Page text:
domingo, 16 de septiembre de 2012

Biodiversity on Islands (III): Extinction / Biodiversidad en Islas (III): Extinción

by  Nuria Serrano Vinagre

This is the last post of the series about Biodiversity on Islands. After talking about Island characteristics and Island Biogeography, let’s turn to Extinction on islands.

Faro de Cies
Cíes, by Anxo Resúa on Flickr (some rights reserved)
The rate of extinction on islands is very high; for example the 93% of birds’ extinctions since XVII century were on islands. The high percent of extinctions is explained because of the fragility of the ecosystem. That’s present on:
·         Small populations
·         Unstable demography
·         Genetic problems
·         Extreme environmental conditions
Although there were cases of extinctions by natural causes, during the last 500 years the main responsible is the human, direct or indirectly.

The only recorded case that is explained by natural causes is the example of St Kitts (West Indies): in 1899, 2 hurricanes caused the extinction of a subspecies of Puerto Rican Bullfinch (Loxigilla portoricensis).
In contrast, to show you one example of the human effect on islands biodiversity, let’s see the case of Panama Canal: since its construction in 1914, many new islands lost biodiversity, for example Barro Colorado Island (Panama) has lost 20% of birds.

There are 5 main causes of extinction on islands. 

1. Habitat loss, by direct destruction (for example, deforestation) or by introduction of species. Some of the most destructive introduced species were Rabbits (Oryctolagus cuniculus), Goats (Capra pyrenaica) and Sheep (Ovis aries), which are carried by sailor in their boats as power supply; destroyed whole islands during Colonization. Their high metabolic rate and the absence of competitors and predators (on the islands where they arrived) are the reasons for their success. 

2. Competition among different species
3. Entrance of pathogens
These last two are some of the most important causes of extinction. Moreover, in most cases they are result of introduced species. This is the example of Blue Lorikeet (Vini peruviana), a small lorikeet from French Polynesia and the Cook Islands, who is endangered primarily by Cats (Felis catus), Rats (Rattus sp.) and avian malaria carried by mosquitoes.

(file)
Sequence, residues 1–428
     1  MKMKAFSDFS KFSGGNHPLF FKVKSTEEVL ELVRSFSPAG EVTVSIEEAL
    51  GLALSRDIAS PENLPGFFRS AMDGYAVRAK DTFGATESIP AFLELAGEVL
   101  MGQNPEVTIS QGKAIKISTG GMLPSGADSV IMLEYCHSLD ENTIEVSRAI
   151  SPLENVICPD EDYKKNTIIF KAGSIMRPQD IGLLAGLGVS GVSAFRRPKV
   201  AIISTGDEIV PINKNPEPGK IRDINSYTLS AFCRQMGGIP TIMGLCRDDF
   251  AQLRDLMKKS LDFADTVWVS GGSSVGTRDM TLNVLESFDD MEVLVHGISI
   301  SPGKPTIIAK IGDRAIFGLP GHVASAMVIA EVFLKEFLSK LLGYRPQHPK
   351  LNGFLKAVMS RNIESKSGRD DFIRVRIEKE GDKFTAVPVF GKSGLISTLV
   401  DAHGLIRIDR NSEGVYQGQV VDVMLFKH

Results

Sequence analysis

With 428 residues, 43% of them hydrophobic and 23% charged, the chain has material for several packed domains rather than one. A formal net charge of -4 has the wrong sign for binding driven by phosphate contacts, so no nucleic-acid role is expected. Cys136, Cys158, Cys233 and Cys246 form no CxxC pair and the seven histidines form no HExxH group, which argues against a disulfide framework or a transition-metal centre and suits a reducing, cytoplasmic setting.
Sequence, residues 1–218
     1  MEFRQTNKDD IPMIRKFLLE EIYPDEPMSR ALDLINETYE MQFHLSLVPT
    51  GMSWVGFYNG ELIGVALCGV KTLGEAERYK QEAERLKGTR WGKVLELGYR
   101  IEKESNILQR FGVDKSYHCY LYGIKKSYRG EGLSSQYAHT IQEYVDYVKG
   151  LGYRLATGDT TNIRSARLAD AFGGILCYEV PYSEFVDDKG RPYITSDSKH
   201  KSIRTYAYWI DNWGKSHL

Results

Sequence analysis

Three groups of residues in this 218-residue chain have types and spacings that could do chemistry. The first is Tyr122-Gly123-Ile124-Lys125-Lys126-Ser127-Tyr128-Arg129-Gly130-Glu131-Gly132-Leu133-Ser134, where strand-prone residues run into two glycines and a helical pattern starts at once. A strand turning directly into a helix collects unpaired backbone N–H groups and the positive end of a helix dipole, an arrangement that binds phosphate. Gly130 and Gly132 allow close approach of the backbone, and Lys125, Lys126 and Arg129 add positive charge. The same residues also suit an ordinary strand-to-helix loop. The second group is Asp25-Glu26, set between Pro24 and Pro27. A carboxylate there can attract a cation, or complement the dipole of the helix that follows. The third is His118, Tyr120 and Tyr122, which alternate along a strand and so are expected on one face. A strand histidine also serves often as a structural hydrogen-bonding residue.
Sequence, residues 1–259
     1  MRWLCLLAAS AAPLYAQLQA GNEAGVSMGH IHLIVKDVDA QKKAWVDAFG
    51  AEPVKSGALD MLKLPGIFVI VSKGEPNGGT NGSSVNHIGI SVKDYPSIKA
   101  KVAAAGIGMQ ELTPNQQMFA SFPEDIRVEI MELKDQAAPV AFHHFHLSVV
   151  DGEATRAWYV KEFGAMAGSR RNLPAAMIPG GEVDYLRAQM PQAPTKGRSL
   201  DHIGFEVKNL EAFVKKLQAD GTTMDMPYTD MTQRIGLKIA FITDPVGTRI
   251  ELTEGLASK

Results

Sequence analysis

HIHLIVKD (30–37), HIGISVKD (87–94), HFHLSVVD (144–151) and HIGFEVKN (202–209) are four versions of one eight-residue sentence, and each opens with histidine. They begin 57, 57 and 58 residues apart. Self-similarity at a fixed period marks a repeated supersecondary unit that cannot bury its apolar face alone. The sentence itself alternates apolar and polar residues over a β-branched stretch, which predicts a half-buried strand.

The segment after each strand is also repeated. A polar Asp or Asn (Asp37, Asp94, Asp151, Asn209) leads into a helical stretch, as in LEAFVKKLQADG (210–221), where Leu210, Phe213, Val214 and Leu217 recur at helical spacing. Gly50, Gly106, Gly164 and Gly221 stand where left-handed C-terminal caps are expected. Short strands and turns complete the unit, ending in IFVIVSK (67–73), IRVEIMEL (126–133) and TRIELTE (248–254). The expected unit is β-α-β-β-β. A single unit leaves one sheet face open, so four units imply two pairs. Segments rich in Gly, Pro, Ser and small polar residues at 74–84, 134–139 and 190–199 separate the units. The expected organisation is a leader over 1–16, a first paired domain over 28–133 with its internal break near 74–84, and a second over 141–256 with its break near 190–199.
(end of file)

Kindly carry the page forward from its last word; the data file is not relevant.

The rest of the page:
4. Hunting is another cause, especially with very rare and exotic species.
One of the saddest example of hunting is the case of Dodo (Raphus cucullatus), from Mauritius Islands, a flightless bird extinct about 1662. When humans settled there at the beginning of XVII century, Dodos were fearless of humans: they haven’t meet predators before. Colonizers picked up them and killed them because of their meat. At the same time, humans destroyed the Dodo's habitat forest and introduced competitors, especially the Pigs (Sus scrofa) and Macaques (Macaca sp.). These two impacts had on the Dodo population are actually considered as more severe than hunting; anyway, humans are the responsible for this extinction. 

5. Predation
Maybe, together the habitat loss; the most devastating cause of extinction on islands is the predation. Most cases, as well as it occurs with pathogens and competitors, predators are introduced species which do away with native species on islands without predators before. Thereby, the animal who is responsible of most extinctions on islands, specially on Pacific; is the Rat (Rattus sp.), who attacks eggs of birds and chicks.
In Spain, a serious problem is the case of the American Mink (Neovison vison) on Cíes Islands, on the Atlantic Islands of Galicia National Park. The American Mink is escaping from farms, and reaching islands by swimming. There, they attack many birds, specially the European Shag (Phalacrocorax aristotelis).

That ends the third part of the series about Biodiversity on Islands.

To sum up, these are the main ideas:

  •  The special characteristics of island ecosystems are consequence of isolation and its origin (Continental vs. Oceanic islands)
  • The distribution of species on islands depends on the size and the distance to the mainland.
  • Humans cause (direct or indirectly) the high extinction patterns on these delicate ecosystems.
Understanding the function of Islands Ecosystems and the human impacts on them must be the first step to develop an efficient politic of conservation.

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